A new set of producers also came to prominence: Phillip "Fatis" Burrell, Dave "Rude Boy" Kelly, George Phang, Hugh "Redman" James, Donovan Germain, Bobby "Digital" Dixon, Steely & Clevie rose to challenge Sly & Robbie's position as Jamaica's leading riddim section. The deejays became more focused on violence, with Bounty Killer, Mad Cobra, Ninjaman and Buju Banton becoming major figures in the genre. To complement the harsher deejay sound, a "sweet sing" vocal style evolved out of roots reggae and R&B, marked by its falsetto and almost feminine intonation, with proponents like Pinchers, Cocoa Tea, Sanchez, Admiral Tibet, Frankie Paul, Half Pint, Conroy Smith, Courtney Melody, Carl Meeks and Barrington Levy.
In the early 1990s songs like Dawn Penn's "No, No, No", Shabba Ranks's "Mr. Loverman", Patra's "Worker Man" and Chaka Demus and Pliers' "Murder She Wrote" became some of the first dancehall megahits in the US and abroad. In 1992, the international backlash to Buju Banton's violently anti-homosexual "Boom Bye Bye", and the reality of Kingston's violence which saw the deaths of deejays Pan Head and Dirtsman saw another shift, this time back towards Rastafari and cultural themes, with several of the hardcore slack ragga artists finding religion, and the "conscious ragga" scene becoming an increasingly popular movement. A new generation of singers and deejays emerged that harked back to the roots reggae era, notably Garnett Silk, Rocker T, Tony Rebel, Sanchez, Luciano, Anthony B and Sizzla. Some popular deejays, most prominently Buju Banton and Capleton, began to cite Rastafari and turn their lyrics and music in a more conscious, rootsy direction.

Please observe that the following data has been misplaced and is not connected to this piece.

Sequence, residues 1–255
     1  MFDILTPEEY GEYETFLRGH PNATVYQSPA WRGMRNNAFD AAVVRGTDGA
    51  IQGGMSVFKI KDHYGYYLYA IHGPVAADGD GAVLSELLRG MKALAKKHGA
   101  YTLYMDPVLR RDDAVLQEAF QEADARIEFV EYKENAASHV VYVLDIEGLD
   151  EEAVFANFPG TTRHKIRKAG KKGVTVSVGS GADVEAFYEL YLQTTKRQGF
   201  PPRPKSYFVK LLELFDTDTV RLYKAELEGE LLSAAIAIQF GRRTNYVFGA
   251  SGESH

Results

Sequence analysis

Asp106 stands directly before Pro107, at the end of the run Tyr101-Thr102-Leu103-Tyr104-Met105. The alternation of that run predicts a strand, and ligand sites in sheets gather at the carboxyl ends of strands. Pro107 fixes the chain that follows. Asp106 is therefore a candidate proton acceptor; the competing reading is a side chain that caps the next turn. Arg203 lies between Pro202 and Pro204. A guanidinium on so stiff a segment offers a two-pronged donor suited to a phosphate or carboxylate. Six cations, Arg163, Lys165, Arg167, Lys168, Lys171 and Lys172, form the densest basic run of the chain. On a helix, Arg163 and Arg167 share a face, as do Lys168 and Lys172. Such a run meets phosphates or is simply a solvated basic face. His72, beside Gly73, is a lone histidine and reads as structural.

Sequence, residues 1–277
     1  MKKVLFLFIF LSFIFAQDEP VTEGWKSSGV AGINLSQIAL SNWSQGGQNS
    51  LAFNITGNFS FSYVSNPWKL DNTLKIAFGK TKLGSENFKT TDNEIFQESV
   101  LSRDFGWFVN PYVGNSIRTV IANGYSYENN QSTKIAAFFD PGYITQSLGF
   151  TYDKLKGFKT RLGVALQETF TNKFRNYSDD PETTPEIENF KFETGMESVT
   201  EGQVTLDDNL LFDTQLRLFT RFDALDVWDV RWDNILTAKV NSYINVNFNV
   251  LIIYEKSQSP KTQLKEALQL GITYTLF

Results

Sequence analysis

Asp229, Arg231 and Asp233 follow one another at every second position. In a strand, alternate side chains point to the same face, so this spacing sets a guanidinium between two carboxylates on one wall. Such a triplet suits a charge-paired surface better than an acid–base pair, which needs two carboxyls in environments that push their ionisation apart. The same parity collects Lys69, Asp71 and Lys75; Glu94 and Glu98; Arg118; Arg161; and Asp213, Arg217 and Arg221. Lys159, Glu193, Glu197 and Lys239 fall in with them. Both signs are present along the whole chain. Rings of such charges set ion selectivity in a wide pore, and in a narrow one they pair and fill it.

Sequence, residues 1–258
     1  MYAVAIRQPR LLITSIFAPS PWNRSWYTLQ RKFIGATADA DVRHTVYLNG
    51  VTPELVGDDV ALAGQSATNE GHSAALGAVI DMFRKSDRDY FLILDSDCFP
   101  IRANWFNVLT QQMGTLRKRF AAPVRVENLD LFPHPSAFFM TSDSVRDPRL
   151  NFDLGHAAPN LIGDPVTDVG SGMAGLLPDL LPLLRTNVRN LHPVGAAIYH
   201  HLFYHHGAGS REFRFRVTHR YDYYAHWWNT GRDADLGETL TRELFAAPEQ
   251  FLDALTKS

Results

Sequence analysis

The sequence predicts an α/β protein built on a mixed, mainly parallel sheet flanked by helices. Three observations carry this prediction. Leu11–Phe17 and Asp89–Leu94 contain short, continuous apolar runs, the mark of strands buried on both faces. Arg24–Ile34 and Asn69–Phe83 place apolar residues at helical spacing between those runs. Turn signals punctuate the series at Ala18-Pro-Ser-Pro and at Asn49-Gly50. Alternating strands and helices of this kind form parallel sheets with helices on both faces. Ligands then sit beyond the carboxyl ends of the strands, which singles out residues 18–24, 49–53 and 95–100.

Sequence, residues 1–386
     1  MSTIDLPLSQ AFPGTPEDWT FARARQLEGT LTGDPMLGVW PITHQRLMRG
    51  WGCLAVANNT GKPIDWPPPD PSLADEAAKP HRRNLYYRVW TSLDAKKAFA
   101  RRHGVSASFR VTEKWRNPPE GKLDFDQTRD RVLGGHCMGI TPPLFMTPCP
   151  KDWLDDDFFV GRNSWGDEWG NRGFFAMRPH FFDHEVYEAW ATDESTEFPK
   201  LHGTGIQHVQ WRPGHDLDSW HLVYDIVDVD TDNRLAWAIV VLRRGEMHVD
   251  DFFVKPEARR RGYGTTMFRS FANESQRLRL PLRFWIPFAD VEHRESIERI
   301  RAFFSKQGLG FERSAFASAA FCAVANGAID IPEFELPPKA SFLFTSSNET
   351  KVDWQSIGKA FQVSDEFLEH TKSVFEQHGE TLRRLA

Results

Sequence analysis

This collection shines its light on the dancehall wave that flooded the world after the release of Wayne Smith's phenomenal success Under Me Sleng Teng - check out Tippa Irie's hilarious UK answer version Sleng Teng Finish Already! Boom tunes included here are Tempo, the digital killer out of King Tubby's studio, voiced by Anthony Red Rose, Conroy Smith's Dangerous, one of our favourite tunes, Little John's Clarks Booty which is the ultimate Clarks (shoes) celebration and like the shoes themselves it's a tune that has never been out of style and fashion. It was voiced for ace producer King Jammy over the "Father Jungle Rock" riddim. Check out New York dancehall style from Louie Rankin with Typewriter and the ultimate soundbwoy tune from Mega Banton, Sound Boy Killing, while Jigsy King's Gi Mi Di Weed still causes disruption inna de dance! Unexpected selections from a young White Mice with a wicked version across the "Far East" riddim and Crazy Blue from Professor Nuts who rides Winston Riley's "Stalag" riddim.